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Published: 10 July 2008
The secret NHS talks with Virgin

Health bosses courted Branson empire in polyclinic plan

THE New Journal today reveals the first proof that Camden’s health chiefs have secretly courted private companies to run a super-size clinic at University College London Hospital.
Confidential documents show the borough’s Primary Care Trust held private talks in January with senior bosses of Richard Branson’s Virgin empire.
They show the PCT supported a deal that would mean shutting down four local practices in Bloomsbury, spiking plans to open a state-of-the-art maternity ward and transfering thousands of Camden patients on to the books of the profit-making company.
All of the services are due to come together under a new-style polyclinic – a main plank of controversial government health reforms.
It has long been feared the new polyclinics were developed with private operators in mind, but not until now has the scale of efforts to bring them in been known.
Minutes from a board meeting of Virgin Healthcare directors seen by the New Journal reveals: “They [the PCT] want to close doors of accident and emergency to all except ambulance admissions and GP referrals. They would like to see all other attendees going through the polyclinic, currently 70,000 attendances per year. This is an opportunity for us.”
Under the polyclinic model, outpatient services and local doctors’ surgeries will be merged together under one roof.
The model being proposed for UCLH is expected to close the Museum Practice, Gower Place, Gower Street and Bedford Square surgeries in Bloomsbury.
Directors at Virgin Healthcare said the UCLH polyclinic plan would transfer more than 50,000 Camden patients on to the firm’s list and would open “a whole opportunity to grow the patient list in a brand new practice”.
While Mr Branson and the Virgin Healthcare group might be seen as the perfect partners by the PCT, health chiefs will have to look elsewhere.
The meeting of Virgin’s directors at the end of January concluded “running this scale of emergency service carries serious risk” and a company spokeswoman this week told the New Journal: “Virgin Healthcare is not involved in running polyclinics. We are interested in working with NHS GPs on existing contracts. We are a start-up company and we have been meeting with as many people as possible who are in the health business. We are not involved with UCLH in any way.”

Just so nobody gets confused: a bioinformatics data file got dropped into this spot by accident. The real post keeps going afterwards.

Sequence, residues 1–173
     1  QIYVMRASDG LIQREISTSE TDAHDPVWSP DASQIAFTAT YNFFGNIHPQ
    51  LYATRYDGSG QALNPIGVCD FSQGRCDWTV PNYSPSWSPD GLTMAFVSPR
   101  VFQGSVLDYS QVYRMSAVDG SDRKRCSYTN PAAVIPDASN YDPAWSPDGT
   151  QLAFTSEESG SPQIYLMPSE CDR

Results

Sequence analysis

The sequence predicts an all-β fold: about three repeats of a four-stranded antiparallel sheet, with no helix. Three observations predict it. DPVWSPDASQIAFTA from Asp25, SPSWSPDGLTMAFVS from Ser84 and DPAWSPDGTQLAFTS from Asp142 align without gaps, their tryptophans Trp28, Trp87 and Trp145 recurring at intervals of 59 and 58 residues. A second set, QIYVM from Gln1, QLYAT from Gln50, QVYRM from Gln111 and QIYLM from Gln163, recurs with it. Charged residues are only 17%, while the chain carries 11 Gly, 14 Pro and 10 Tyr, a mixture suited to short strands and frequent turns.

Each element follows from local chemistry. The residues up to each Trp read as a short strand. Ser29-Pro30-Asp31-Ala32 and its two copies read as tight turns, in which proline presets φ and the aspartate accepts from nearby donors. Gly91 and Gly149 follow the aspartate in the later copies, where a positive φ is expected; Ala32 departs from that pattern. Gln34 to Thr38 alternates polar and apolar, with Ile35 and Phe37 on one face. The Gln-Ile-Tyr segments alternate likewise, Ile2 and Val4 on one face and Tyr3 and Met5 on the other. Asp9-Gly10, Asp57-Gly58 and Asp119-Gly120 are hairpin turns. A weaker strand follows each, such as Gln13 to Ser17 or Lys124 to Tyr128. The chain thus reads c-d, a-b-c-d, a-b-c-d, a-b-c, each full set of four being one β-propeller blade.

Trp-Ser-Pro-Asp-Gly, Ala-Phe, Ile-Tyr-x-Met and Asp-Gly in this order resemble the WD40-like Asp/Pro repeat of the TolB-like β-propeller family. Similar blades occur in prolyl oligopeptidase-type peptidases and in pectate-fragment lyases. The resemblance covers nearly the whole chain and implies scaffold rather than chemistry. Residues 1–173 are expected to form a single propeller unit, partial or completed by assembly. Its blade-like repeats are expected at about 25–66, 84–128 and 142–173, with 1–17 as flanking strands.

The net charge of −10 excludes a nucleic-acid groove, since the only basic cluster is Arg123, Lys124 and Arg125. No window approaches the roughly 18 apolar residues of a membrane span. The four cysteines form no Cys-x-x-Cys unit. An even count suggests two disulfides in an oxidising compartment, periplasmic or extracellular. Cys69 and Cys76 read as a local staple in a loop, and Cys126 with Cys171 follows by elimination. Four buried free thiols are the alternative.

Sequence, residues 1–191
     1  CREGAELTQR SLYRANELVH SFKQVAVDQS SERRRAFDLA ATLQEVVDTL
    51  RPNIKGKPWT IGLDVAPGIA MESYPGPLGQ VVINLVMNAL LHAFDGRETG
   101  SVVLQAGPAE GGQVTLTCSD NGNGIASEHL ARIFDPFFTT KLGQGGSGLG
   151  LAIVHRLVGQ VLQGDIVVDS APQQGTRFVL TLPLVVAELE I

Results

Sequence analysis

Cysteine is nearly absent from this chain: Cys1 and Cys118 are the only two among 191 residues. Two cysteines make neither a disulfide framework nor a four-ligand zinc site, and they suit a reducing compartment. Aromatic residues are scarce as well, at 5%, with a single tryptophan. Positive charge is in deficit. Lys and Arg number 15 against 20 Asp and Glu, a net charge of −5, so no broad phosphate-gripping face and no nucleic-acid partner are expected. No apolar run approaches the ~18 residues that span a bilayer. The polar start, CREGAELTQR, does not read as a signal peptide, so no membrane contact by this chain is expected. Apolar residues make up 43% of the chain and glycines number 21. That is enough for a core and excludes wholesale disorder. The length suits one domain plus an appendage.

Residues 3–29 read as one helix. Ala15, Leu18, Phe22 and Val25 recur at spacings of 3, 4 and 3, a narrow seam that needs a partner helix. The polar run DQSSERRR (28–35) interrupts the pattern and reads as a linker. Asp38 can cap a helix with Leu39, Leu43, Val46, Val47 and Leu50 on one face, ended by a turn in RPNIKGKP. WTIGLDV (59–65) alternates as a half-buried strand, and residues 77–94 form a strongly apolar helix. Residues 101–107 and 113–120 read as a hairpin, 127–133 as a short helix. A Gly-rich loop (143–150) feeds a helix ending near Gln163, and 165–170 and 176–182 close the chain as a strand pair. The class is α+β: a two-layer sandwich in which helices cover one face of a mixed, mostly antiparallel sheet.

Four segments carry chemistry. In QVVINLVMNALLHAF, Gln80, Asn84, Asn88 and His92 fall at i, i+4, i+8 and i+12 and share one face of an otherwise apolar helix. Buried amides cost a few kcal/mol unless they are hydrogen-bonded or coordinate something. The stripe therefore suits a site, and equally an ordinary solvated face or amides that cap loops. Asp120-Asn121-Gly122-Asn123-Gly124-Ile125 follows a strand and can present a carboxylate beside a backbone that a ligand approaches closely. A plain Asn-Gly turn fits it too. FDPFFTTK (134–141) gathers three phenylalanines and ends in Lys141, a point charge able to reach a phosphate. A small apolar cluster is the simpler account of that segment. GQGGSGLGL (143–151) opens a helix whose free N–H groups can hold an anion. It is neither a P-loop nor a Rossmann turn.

The fact Virgin were invited to talks by the PCT in the first place, however, has been seen by critics as the first concrete evidence that private companies are being primed for major roles in running the borough’s health services.
And with it has come concerns that those in charge of the new polyclinics will ultimately be answerable to shareholders rather than patients.
Dr Paddy Glackin, secretary of Camden London Medical Committees, representing Camden doctors, said: “There are a huge amount of Camden people depending on this. We all know the PCT are really keen on taking the space in the UCLH. There is nothing wrong with talking to people about providing a service – but they need to be open and honest about it.”
Dr Archana Argawal, who has been a partner at the Museum Practice since 2002, said: “Right now none of us really know what is happening – that is frustrating. What we do know is that we are in a difficult position because if we say we are not up for moving into the UCLH we may be left behind.
“Our patients may leave if a company says it will open until midnight, or if there is a shiny new building. On the other hand, patients may not want to cross a busy road or be seen by doctors working for a private company. What we can say is there is not enough communication.”
A PCT spokeswoman said the plans would soon go out for public consultation.
She added: “The PCT is currently in dialogue with a range of stakeholders and providers, including local GPs.
“A business case is being developed that has not yet been approved by the PCT Board. We do not comment on individual meetings, but would assure you that no formal procurement procedures have started.”

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